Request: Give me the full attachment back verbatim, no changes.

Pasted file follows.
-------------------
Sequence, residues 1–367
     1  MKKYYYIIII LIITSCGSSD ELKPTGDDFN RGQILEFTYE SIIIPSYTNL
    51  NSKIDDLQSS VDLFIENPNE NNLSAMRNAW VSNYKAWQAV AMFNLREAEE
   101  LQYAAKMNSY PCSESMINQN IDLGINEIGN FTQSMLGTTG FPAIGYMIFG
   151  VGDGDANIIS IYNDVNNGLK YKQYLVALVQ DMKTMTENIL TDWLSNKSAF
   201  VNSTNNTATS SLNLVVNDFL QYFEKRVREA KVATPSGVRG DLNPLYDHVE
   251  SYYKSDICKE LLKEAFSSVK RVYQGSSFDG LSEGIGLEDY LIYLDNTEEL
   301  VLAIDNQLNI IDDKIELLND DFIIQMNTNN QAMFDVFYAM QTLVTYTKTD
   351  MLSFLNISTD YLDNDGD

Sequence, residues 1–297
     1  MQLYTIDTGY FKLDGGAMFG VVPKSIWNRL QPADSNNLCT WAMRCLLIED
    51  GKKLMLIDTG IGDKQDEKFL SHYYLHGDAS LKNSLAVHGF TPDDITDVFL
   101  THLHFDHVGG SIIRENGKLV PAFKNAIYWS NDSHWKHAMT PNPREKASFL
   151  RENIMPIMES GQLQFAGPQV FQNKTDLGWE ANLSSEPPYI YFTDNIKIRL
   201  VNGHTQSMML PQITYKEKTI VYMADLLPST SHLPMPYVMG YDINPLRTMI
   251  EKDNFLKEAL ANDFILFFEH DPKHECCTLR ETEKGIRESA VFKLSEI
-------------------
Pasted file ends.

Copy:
Sequence, residues 1–367
     1  MKKYYYIIII LIITSCGSSD ELKPTGDDFN RGQILEFTYE SIIIPSYTNL
    51  NSKIDDLQSS VDLFIENPNE NNLSAMRNAW VSNYKAWQAV AMFNLREAEE
   101  LQYAAKMNSY PCSESMINQN IDLGINEIGN FTQSMLGTTG FPAIGYMIFG
   151  VGDGDANIIS IYNDVNNGLK YKQYLVALVQ DMKTMTENIL TDWLSNKSAF
   201  VNSTNNTATS SLNLVVNDFL QYFEKRVREA KVATPSGVRG DLNPLYDHVE
   251  SYYKSDICKE LLKEAFSSVK RVYQGSSFDG LSEGIGLEDY LIYLDNTEEL
   301  VLAIDNQLNI IDDKIELLND DFIIQMNTNN QAMFDVFYAM QTLVTYTKTD
   351  MLSFLNISTD YLDNDGD

Sequence, residues 1–297
     1  MQLYTIDTGY FKLDGGAMFG VVPKSIWNRL QPADSNNLCT WAMRCLLIED
    51  GKKLMLIDTG IGDKQDEKFL SHYYLHGDAS LKNSLAVHGF TPDDITDVFL
   101  THLHFDHVGG SIIRENGKLV PAFKNAIYWS NDSHWKHAMT PNPREKASFL
   151  RENIMPIMES GQLQFAGPQV FQNKTDLGWE ANLSSEPPYI YFTDNIKIRL
   201  VNGHTQSMML PQITYKEKTI VYMADLLPST SHLPMPYVMG YDINPLRTMI
   251  EKDNFLKEAL ANDFILFFEH DPKHECCTLR ETEKGIRESA VFKLSEI